Did growing up biracial and being an only child affect how you see the world, how you saw yourself?

I think everyone sees the world based on how, where, and with whom they grow up. With white people, because they see their experience as the normative universal, they often don’t realize how heavily their whiteness effects there perception of reality.

As a professor, what is the best writing advice you can give your students?  What writing advice have you come across that you would tell them to disregard completely?

One of the hard things about writing is that everyone has there own path, their own demons to conquer. But for a beginning writer, my advice would be, Just write. Write through the dreck that everyone has to produce to get to the point that they can do what they want on the page. Make time. And if you can never bring yourself to write, if it’s something you just feel guilty about not doing, walk away and do something more fulfilling with your life.

All authors today are encouraged to have a significant online presence. What are your thoughts on that? Do you think it adds to or detracts from the writer’s mystique?

Mystique is dead. I don’t know if that’s a totally bad thing; it humanizes the artist. But yeah, we’re still adjusting to what this hyper-present world means. This is the end of being able to hide anything.

When I got on Twitter in the spring of 2008, it was just an utterly impractical little site where a bunch of my writer friends were goofing off. There was no retweet button, so everyone’s reach was limited. There wasn’t even in-site picture hosting, or favorites. So it was a lot quieter. When the retweet button came on, overnight it became a broadcast medium, and that’s when interaction changed dramatically. I just happened to be sitting on the volcano when it blew up, and you can’t advise young writers along those lines: look for the next internet volcano and sit on it, and then your career will blow up.

In Loving Day, the protagonist, Warren Duffy, has to learn very quickly how to be a father.  What did you learn about being a father from growing up in a single parent home?  What have you learned about being a father since you’ve become one?

The single biggest lesson, which shifted me from prolonged childhood to adulthood, was simply learning that your life is not about you. Before, everything I did was for myself, or someone I chose. Then there’s this little stranger, and I have no choice but to accept that every day I get out of bed for her. That was a wake up, literally.

What have you learned about being a father now that your children are older and their needs, and consequently their ways of viewing you, have changed?

When I started Loving Day, my oldest was only five. I wrote the scenes in the first hundred pages of the book imagining what it would be like to have a teenage daughter. By the time I finished, eight years later, she was a teenager. I’m in awe of that now. Ultimately, although the character is not her or my younger daughter, I was able to see into a world and way of interacting through them.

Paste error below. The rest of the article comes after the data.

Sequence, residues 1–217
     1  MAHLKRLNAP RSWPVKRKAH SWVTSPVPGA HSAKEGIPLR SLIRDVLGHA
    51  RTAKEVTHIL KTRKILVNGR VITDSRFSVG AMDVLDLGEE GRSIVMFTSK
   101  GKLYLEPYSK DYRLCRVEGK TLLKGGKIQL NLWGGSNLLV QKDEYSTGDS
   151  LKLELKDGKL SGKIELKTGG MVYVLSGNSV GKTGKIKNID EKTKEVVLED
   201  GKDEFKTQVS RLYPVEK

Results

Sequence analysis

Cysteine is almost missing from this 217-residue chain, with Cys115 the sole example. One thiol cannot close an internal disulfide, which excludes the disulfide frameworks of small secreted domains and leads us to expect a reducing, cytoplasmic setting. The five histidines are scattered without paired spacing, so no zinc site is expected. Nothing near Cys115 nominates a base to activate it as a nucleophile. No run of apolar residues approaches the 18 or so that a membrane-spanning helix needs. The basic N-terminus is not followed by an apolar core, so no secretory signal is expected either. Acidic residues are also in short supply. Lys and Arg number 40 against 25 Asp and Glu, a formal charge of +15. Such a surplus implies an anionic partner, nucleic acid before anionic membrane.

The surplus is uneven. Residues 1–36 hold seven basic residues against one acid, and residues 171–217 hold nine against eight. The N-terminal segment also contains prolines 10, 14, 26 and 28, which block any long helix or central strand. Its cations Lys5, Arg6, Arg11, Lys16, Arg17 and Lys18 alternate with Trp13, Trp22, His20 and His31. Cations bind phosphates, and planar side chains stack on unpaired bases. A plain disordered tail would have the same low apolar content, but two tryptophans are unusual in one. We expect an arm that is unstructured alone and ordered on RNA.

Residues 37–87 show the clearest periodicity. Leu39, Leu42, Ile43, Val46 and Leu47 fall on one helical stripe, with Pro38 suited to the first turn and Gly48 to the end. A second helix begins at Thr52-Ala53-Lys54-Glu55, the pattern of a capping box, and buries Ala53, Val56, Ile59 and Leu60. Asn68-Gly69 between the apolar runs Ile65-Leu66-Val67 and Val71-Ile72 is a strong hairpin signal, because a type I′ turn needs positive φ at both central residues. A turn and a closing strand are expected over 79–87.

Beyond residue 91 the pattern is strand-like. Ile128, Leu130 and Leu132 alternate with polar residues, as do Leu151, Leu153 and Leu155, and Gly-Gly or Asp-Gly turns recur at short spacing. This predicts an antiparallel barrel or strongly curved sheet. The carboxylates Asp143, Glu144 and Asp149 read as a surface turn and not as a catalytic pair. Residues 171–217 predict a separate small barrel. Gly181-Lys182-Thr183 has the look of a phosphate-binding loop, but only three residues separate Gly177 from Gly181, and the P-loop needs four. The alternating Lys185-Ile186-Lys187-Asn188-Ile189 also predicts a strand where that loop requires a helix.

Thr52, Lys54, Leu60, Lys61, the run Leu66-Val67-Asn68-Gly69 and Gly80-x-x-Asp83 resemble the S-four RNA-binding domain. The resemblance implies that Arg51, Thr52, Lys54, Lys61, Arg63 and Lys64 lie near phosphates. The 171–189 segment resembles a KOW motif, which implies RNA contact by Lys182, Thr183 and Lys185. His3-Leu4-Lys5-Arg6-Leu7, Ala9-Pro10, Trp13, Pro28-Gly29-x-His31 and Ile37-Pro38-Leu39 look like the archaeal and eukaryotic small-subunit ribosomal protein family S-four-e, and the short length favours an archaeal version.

Being a father made me an adult. And not instantly: it took years, and the process isn’t over. But without this experience, I wouldn’t have been able to mature as quickly. I used to look at the world as if I was the protagonist. Now I’m reminded daily that I’m just another character in an ensemble. My day, my time, my money, it’s not focused on me. It’s focused on my children. That’s humbling.

As a writer, how do you define success? Do you think there is a definition of failure for a writer?

At this point, for me, success has been about growth, and fulfilling potential. The farther I push my work, the more I feel successful. But it’s a constantly moving metric, so I don’t know if you ever feel like you’ve made it. I doubt it. You can always make more.

What published works are you most proud of and why?

That’s like asking which of your kids do you love most. I’m proud of all of them, for different reasons. I also wish that each had been able to do more.

What are the challenges you see in writing and publishing novels when the protagonist is other than white?

The biggest racial publishing challenge to a novel isn’t the cast of the characters; it’s the race of the author. White audiences want books by white people. White publishing wants to make money, so reinforces it by throwing their money behind white authors disproportionately. If you’re not white in publishing, you are at an immense disadvantage. Check the VIDA numbers as they pertain to race this last year. They’re horrific.